Make DOM element receive shadow and shine from PointLight

I’m making a PointLight shadow “onto a DOM element” like this:

However, if we rotate the scene by 45 deg (line 23), then the Sphere’s shadow is no longer displayed properly like before:

I was expecting the Sphere’s shadow to remain visible like it was without the rotation.

Do you know why this is? To me it seems like the shadow is only being drawn on the area where the light shines, and since when we rotate the scene the shine of the light is no longer drawn in the center of the square, but to the left side of the square where we continue to see the Sphere’s shadow.

Hmmm, if I change the color of the transparent Mesh (that covers the DOM element) to something other than black (line 49), then the shadow is rendered:

But, even with opacity way down low at 0.05 (line 48), the square appears too shiny.

How can we achieve a similar effect like when the color is black, but still have the shadow be visible?

If you can’t tell, what I’m trying to do is make it seem like a DOM element receives a shadow and shine. When the color is black and the rotation of the scene is zero, it looks fairly convincing! Adding the rotation destroys the effects. I’d like to achieve the same effect but without this limitation, but I’m not a Three wizard yet.

Maybe adjusting the specularMap would help here?

Aha! Found one way to make it work by using a color similar to black but not exactly (f.e. 0x111111 on line 49):

I’m still curious about the specularMap though. I’ve never missed with that before.

Aaaah! In fact, setting the opacity to 0 (line 48) completely removes the blocking of the DOM element’s color but still leaves the shadow and shine behind. Cool!

Looks great!

BTW why are you doing bitwise ops on your functions?

~function() {}

As, I see - it allows to to make an IIFE by doing:



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I really like this solution. It would be awesome if we could access DOM layers texture buffer with WebGL, besides finally capturing DOM one could create awesome interactive effects. There will be CSS shaders but it isn’t the same.

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Alright, I added <button> element but it won’t cast a shadow onto the background element:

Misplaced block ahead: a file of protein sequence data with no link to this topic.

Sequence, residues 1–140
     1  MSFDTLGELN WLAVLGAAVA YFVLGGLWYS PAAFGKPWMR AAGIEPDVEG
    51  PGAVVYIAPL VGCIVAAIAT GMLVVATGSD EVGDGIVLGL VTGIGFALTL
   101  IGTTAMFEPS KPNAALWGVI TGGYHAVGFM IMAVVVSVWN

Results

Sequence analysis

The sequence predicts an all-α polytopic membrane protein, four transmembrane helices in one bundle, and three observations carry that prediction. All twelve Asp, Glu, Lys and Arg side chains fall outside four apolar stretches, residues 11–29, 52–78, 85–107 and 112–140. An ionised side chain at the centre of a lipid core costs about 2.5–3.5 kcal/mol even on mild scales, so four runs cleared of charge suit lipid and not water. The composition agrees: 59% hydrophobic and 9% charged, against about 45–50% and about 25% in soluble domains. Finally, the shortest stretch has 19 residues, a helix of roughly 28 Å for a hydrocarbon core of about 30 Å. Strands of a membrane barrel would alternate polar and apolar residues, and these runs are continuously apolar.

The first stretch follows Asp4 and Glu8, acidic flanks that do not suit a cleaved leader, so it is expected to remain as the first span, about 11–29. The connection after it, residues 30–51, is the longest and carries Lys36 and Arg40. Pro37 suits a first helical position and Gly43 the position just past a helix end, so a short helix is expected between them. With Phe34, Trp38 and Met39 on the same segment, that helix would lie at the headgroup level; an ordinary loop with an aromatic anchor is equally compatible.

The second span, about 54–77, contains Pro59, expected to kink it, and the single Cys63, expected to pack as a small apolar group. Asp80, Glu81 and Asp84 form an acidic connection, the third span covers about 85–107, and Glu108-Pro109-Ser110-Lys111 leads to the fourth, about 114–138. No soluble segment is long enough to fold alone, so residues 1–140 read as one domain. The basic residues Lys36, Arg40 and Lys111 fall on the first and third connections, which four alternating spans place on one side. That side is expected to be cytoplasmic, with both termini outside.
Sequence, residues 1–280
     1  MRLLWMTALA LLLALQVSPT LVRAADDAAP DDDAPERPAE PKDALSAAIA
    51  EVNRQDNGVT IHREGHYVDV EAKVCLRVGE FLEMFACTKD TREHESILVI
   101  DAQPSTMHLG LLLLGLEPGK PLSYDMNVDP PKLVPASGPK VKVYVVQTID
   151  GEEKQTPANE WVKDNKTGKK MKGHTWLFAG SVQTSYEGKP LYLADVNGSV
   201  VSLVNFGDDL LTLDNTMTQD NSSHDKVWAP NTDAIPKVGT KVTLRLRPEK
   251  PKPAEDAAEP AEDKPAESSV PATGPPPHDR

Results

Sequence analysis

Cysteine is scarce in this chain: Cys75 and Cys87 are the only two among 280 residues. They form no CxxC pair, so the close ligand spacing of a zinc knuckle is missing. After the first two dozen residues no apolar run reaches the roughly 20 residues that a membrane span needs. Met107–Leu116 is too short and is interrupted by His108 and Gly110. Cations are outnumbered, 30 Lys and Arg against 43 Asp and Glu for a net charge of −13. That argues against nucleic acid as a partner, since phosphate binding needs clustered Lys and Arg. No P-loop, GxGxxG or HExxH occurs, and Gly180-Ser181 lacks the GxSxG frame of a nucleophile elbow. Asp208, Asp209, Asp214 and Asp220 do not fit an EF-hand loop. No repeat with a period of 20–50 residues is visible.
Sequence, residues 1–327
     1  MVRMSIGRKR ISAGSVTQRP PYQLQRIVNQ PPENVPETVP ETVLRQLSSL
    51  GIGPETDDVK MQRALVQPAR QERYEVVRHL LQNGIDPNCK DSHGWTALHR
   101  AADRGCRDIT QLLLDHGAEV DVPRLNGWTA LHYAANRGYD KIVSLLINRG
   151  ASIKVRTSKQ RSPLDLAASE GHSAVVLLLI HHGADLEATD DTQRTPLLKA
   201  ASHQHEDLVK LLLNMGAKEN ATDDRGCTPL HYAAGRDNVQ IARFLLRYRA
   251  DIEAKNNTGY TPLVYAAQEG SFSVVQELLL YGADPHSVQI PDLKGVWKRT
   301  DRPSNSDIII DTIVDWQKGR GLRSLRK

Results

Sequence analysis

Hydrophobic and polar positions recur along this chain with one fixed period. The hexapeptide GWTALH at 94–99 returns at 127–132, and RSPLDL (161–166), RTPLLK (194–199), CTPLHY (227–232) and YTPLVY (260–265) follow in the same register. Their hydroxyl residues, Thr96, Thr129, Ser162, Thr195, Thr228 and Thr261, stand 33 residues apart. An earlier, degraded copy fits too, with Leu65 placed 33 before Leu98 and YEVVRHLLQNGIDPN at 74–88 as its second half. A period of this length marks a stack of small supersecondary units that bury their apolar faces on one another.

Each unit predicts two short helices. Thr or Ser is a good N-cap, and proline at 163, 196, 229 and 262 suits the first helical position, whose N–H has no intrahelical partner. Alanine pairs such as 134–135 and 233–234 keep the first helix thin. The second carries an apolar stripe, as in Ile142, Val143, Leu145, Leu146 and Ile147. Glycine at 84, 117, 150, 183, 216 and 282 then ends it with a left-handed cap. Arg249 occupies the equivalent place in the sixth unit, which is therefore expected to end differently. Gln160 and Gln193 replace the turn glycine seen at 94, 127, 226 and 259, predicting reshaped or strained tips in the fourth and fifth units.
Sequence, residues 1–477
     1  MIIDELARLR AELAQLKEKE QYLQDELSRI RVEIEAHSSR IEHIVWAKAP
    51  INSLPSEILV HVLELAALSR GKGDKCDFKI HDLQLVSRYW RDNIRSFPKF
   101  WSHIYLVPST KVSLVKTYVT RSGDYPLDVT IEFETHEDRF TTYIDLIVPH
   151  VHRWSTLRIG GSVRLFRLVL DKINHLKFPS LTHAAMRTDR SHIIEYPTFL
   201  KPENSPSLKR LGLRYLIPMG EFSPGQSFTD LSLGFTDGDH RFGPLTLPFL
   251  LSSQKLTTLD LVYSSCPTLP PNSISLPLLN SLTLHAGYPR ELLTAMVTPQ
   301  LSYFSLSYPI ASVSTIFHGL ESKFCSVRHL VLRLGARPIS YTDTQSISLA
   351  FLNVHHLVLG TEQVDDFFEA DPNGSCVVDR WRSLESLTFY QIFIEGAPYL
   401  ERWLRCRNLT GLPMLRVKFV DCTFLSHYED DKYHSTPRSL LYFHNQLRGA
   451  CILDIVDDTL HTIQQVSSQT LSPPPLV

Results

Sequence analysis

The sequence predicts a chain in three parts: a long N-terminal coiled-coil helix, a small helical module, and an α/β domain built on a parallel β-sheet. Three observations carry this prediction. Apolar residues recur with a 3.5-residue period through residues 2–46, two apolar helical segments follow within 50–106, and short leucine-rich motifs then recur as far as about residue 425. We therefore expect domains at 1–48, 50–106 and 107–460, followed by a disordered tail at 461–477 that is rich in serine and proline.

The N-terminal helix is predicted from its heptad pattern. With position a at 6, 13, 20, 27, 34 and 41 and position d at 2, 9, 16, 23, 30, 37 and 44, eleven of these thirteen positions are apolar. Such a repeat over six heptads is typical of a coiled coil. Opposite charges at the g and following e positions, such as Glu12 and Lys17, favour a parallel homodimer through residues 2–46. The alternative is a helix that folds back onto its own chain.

I also tried upping the opacity from 0 to 0.8 (line 139) but still no shadow is cast from the “button”:

I’m expecting there to be a rectangular shadow from the button. If you look at line 146 you see that I have

    mesh.castShadow = true;
    mesh.receiveShadow = true;

both true.

@looeee @Fyrestar Any idea why the button’s shadow is not appearing?

Maybe NoBlend objects can not cast a shadow?

Nope, that’s not it, here’s one showing that the red non-NoBlend PlaneGeometry Meshes still don’t cast any shadow, and only the SphereGeometry Mesh casts a shadow (move the sphere out of the way and observe the red shadowless Planes):

Why can’t I get them to cast a shadow?

Okay, if I scroll to the edges of the view in that last demo, sometimes I see a red square receiving a shadow. This seems strange.

Ah, it’s a bug.

Here’s the demo with red squares made from thin BoxGeometries instead of PlaneGeometries, and shadow casting now somewhat works with some obvious glitchyness, and the polygon count increased by a factor of 6:

Here’s another demo more clearly showing the glitchy shadow effect when the Plane (Box) is not thick enough (line 145):

Would you consider these glitchy effects a bug?

Using a shadow bias of -0.001 fixes the glitch, though i wonder why it needs to be negative. Using “transform: scale(1.0);” for #css fixes some issue in the background i had (gray strokes).

Using a box of 0.1 causes the glitch for sure. You should probably use a plane instead :grin:

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But this affect how all other objects’ shadows are rendered as well. I only want to fix up these Plane meshes that I’m aligning with the DOM. It would make sense if I could use a different light just for the DOM elements, but “selective lighting” is not supported yet.

And then I’m back at Planes not casting shadows! :frowning:

I would really like these things to be solved in Three.js:

  • Planes should cast shadows, which is something one can intuitively expect
  • Selective lighting, which can help us achieve single-light effects which are actually composed of multiple lights.

It fixed this special case, because you’re using a super thin box what causes issues for calculating the shadow visibility from the depth buffer.

Planes actually cast shadows, basically shadows are nothing but the same mesh renderered from the position of the light.

I didn’t understand this as well as your thread about that, but the Github issue clarifies it for me.

I also faced this before, for building houses like in The Sims. I didn’t read the whole thread, but the best way to do it is by using shadows. THREE by default actually just applies any light to all meshes in the scene, i modified THREE to use a spatial manager for it, like lights of limited range.

You can limit it by rooms but: it depends if you want doors or windows, as light will shine into corridors or across rooms.

If you want them, then you should include at least the connected building parts (not their interiors) to ensure light won’t just cuttoff.